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Deer Hunting: How to Make a Mock Scrape

Deer Hunting: How to Make a Mock Scrape

The manner in which a whitetail buck makes a scrape is one of the most fascinating instincts involving the animal kingdom. This unique, yet simple act of scraping has been studied, debated and even argued by hunters, mainly due to the various opinions of experts when detailing their observations, along with the many meanings behind scrapes. One of the topics heavily debated among hunters is that of mock scrapes, particularly regarding when and where to place them and whether or not they work.

Additionally, many hunters have different opinions as to what scrapes mean and which deer actually use them. I’ve read books, magazine articles and listened to seminars from some of the most recognized whitetail hunters in the nation in hopes of learning more about scrape behavior. But a few years ago, I heard an experienced hunter describe it in one of the most unique ways possible; a scrape is made by a buck, and this is followed by does checking the scrape, and in his words, “the doe leaves her business card when she’s ready to talk.” After studying and listening to many other hunters, this unique and humorous explanation is true in many ways.

Location of Scrapes
Even though bucks will scrape from early September all the way into January, I think most hunters would agree that the scrapes that are made from mid-October through the end of November mean the most and are the ones that should be hunted. If a scrape was intended for bucks only, then they would be made where the bucks stay; instead, bucks make scrapes in locations they know will be visited by a lot of does. When you find multiple scrapes along a well-traveled area (scrape lines), you can assume that the buck is scraping for a purpose, and that they differ from the occasional scrape found through September and early October. The majority of scrapes that are made for breeding purposes usually take place approximately 30 days before peak breeding times. A lot of hunters will hunt scrapes during the peak rut, when in reality it should be the weeks prior. This is also the best time to be using scents and lures, especially when constructing a mock scrape.

Constructing & Hunting a Mock Scrape
Hunting mock scrapes has been a successful tactic used by many hunters throughout the years. Constructing a mock scrape can achieve multiple effects when trying to hunt a mature buck; it can create dominance between other bucks, it can make them go from checking scrapes nocturnally to checking them during daylight hours, and more importantly it directs them to a specific location so that the hunter can have a shot opportunity.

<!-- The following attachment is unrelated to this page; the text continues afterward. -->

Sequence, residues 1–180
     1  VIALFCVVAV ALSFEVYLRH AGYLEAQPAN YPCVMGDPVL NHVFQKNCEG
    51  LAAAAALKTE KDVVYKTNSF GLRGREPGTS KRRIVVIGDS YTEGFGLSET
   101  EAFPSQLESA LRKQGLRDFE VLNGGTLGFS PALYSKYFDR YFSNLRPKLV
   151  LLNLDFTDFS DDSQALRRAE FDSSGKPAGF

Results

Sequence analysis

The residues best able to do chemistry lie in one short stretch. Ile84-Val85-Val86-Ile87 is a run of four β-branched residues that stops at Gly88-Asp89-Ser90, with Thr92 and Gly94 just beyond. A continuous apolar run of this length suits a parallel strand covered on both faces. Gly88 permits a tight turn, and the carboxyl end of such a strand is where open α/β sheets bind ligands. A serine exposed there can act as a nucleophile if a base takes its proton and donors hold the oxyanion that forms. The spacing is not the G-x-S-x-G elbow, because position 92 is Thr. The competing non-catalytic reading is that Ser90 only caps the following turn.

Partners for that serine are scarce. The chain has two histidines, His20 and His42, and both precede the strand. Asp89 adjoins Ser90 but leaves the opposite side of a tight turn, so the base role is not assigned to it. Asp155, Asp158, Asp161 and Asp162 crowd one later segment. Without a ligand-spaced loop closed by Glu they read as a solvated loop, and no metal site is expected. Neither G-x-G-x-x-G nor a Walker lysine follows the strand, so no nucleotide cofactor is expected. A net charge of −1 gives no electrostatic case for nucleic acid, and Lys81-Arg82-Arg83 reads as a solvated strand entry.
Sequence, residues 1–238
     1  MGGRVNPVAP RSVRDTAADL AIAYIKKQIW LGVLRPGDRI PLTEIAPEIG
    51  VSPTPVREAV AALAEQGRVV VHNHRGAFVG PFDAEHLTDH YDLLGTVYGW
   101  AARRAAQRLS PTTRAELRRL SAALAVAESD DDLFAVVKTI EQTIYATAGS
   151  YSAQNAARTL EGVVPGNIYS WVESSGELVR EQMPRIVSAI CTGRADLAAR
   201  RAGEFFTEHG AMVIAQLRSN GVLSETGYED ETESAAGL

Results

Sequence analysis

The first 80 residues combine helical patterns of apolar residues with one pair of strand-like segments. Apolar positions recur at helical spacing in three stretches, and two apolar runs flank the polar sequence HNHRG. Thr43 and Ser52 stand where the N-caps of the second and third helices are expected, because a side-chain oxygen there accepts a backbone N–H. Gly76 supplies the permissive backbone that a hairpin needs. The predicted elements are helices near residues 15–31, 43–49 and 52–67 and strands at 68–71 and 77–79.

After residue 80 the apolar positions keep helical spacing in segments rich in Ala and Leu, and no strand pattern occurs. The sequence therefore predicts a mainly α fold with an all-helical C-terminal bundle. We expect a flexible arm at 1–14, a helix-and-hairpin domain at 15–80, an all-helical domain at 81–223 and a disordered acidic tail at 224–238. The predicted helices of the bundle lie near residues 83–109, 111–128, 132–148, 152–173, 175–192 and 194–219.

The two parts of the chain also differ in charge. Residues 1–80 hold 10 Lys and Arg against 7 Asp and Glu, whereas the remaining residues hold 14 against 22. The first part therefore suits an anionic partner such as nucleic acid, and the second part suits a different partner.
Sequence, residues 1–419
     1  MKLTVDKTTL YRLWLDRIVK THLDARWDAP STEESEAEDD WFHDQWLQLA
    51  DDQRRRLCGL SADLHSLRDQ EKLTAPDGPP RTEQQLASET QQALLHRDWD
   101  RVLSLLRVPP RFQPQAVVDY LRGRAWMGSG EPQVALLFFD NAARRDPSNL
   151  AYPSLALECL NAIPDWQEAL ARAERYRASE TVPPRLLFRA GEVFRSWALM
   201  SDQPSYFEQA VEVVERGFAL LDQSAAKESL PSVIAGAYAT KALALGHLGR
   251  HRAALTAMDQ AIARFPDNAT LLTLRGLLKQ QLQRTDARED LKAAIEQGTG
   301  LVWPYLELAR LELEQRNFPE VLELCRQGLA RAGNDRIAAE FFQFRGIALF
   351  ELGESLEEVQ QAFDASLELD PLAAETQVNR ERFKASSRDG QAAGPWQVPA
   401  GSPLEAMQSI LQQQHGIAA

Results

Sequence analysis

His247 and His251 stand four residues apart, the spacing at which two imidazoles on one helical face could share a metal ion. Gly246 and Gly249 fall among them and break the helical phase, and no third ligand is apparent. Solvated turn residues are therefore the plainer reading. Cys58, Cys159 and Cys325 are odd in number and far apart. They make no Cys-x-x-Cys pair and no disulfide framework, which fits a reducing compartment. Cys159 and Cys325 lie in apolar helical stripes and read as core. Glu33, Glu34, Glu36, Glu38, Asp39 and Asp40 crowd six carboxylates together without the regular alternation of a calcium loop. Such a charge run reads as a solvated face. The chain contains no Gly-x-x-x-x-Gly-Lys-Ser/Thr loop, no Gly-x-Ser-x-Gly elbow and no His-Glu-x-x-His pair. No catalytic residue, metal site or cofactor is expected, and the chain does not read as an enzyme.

If you have ever set up a trail camera over an existing scrape, then you already know that several bucks will check a scrape. Scrapes make a buck’s presence known to other deer and let does in the area that are getting close to estrus know of his existence. At the same time, it’s letting other bucks know to stay away. During the time that the buck is waiting for the right doe to “leave her business card,”other bucks will check in on the scrape, hoping for the opportunity to contact her first. This is why so many bucks show up on trail cameras that overhanging a scrape.

When I start seeing an abundance of bucks appear on camera is when I begin making mock scrapes. When constructing one, I make sure that I’m completely scent-free, especially my feet, as they’ll be in contact with the area the most. I wear Lacrosse Alphaburly Pro rubber boots because they’re made of scent free rubber and are easy to spray down with a scent eliminator. I rake a 2- to 3-foot circle with a stick a few feet from an actual scrape, being conscious to leave the least amount of human scent possible. Once the dirt is exposed, I place scent.

There are two ways that I like to apply scent. If I know it’s an area I’ll be hunting on multiple occasions, I’ll use a scent dripper, such as Wildlife Research Center’s Magnum Scrape Generator. This scrape generator is a scent dispenser designed to hold scent for weeks at a time, only dripping scent during daylight hours, which brings bucks during that time.

Since it’s a mock scrape, a buck will think that another buck has entered his territory, and as the dispenser continues to drip, the buck will begin to check the scrape more frequently. This is a great tactic to use when hunting a stand for several days in a row, as it allows the hunter to avoid the scrape site, thus keeping human scent to a minimum.

When only having the opportunity to hunt for a short amount of days, a quicker way to lure bucks in with a mock scrape is to use a scent wick with scent applied along with scent on the ground. Buck Bomb has developed a Scrape Kit perfect for this situation. The kit includes a bottle of Forehead Gland scent, several wicks that hang on an overhanging branch, and a bottle of Scrape Generator that’s a blend of doe estrus and mature buck urine. By using a wick with the Forehead Gland scent combined with a heavy dose of Scrape Generator on the ground, urgency is created that will make a buck curious. With both scent tactics in place, the goal is to bring a buck into a specific area. Using a larger amount of scent will make bucks think it’s fresh and will keep them close by.

When making mock scrapes, I try to get as close as I can to about 20 yards from my blind or treestand, which gives me that extra cushion of knowing that the buck is well within range when he shows up. You can hunt mock scrapes for several weeks; once an estrus doe comes into the area to leave her scent, the mature buck will usually leave the scrapes until she is bred, only to return for the next doe. If hunters make the correct adjustments as the rut progresses, the mock scrape will keep working for an extended period of time.

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